13. Dang! Now I’ll never get a chance to answer a question before Arnie does. So many enjoyable hours, two live performances–I’m grateful for every minute. Please please please offer seasons for sale. I want to keep listening, as I do with Car Talk. Thank you, Richard, Laura, Ben and all cast members for years of joy and education.

  14. I don’t usually comment but just had to this time. I completely agree with ADeweyan. Most of my favorite shows have gone away. “Says You” has changed but that’s the way of the world. I was privileged to attend 4 broadcasts in my area. The last was in Utica NY. I always loved seeing everyone in person. I will treasure those memories as I sit back and listen to whatever comes my way, be it fairly current 0r dusted off. I felt that I knew you not just as panelists but old friends. Thanks to you all for a great run.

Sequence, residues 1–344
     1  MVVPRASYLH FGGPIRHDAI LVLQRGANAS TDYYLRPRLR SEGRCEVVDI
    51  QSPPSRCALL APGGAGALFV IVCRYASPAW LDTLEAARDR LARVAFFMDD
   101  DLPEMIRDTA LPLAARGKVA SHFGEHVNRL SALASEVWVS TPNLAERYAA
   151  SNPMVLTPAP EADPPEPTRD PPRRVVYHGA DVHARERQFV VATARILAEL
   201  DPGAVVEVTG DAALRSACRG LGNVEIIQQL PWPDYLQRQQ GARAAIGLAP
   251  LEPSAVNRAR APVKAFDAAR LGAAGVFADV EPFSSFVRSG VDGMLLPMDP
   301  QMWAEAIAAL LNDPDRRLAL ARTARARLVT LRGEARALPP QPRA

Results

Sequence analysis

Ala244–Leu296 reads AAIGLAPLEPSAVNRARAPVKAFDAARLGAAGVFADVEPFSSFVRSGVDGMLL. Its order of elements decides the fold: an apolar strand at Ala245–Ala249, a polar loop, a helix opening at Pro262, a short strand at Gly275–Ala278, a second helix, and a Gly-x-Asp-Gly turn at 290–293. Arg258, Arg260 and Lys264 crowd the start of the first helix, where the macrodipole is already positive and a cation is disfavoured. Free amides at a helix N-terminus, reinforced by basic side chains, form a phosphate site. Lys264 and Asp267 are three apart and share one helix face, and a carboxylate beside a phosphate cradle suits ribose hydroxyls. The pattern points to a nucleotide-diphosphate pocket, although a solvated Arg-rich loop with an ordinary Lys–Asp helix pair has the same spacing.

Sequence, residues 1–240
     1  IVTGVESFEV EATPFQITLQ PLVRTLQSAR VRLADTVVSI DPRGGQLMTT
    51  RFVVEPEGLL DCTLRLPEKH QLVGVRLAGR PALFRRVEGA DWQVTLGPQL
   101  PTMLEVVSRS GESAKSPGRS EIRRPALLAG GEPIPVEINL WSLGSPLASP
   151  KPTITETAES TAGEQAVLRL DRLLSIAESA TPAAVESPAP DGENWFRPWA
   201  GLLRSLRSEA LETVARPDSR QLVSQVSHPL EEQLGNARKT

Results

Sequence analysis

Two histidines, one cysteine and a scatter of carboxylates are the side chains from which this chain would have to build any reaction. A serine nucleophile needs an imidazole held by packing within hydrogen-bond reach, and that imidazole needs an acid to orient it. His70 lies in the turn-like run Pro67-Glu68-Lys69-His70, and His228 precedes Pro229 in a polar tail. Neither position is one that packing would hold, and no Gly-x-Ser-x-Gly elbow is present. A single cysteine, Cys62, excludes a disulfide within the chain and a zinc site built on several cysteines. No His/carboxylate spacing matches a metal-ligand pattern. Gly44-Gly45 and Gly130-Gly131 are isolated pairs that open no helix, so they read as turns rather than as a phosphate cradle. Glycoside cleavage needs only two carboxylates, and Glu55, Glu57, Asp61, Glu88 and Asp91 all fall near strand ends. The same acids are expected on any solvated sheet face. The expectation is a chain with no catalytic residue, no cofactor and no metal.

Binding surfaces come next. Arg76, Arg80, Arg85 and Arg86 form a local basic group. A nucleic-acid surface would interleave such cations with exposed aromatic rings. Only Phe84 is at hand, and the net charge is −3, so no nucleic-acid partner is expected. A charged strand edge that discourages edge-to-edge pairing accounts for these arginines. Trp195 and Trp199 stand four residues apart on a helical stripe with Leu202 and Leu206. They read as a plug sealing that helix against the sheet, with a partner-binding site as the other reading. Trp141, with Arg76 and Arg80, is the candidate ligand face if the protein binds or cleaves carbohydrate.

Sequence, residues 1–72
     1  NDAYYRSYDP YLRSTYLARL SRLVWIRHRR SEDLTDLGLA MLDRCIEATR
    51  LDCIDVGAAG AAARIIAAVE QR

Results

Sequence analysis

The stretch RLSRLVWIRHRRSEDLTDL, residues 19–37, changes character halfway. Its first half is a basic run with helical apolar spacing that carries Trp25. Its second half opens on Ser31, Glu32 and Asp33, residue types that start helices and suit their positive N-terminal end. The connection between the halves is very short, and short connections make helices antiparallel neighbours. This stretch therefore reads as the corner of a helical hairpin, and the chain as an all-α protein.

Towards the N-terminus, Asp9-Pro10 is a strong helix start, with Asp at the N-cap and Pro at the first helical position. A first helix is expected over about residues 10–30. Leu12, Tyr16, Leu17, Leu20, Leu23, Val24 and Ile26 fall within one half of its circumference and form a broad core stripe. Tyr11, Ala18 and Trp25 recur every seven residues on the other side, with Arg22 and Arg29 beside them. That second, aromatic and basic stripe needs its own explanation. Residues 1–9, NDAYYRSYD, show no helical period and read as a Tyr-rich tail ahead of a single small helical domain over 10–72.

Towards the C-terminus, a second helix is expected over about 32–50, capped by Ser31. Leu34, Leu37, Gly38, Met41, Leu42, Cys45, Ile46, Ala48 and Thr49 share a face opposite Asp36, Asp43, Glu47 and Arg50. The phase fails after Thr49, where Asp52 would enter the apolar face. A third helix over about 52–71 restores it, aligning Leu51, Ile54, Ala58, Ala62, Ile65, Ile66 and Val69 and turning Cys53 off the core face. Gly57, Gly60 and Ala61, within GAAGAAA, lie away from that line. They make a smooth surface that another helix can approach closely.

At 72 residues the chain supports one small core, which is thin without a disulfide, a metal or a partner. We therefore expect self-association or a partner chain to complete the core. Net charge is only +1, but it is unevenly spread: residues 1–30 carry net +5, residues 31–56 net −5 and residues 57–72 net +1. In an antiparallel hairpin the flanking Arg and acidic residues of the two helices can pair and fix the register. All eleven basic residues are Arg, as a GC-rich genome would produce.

15. The death of Richard Sher was probably the “beginning of the end” for Says You!, just as Tom Magliozzi’s illness was the end of Car Talk. But it’s true that public radio seems to be dumbing down and flailing to be “hip.” Here in Wisconsin, WPR dumped its weekend old time radio theatre, popular for over 30 years as a “racist, sexist embarrassment” only a few weeks after praising it as one of their biggest money-makers; raising “Amos ‘n’ Andy” as a straw-man argument. (I listened to the show for 20 years and can’t recall ever hearing them air A ‘n’ A…) All backlogged shows formerly available at their website were erased in a purge worthy of Putin. Minnesota Public Radio recently aired a series called “The Warming House,” dedicated to interviews with Twin Cities scenesters interspersed with music played strictly from artisanal sixties vinyl, of course. (It went off air for the summer, but I’m guessing will be back in the fall.) Long live the hip and the “woke.” Phooey.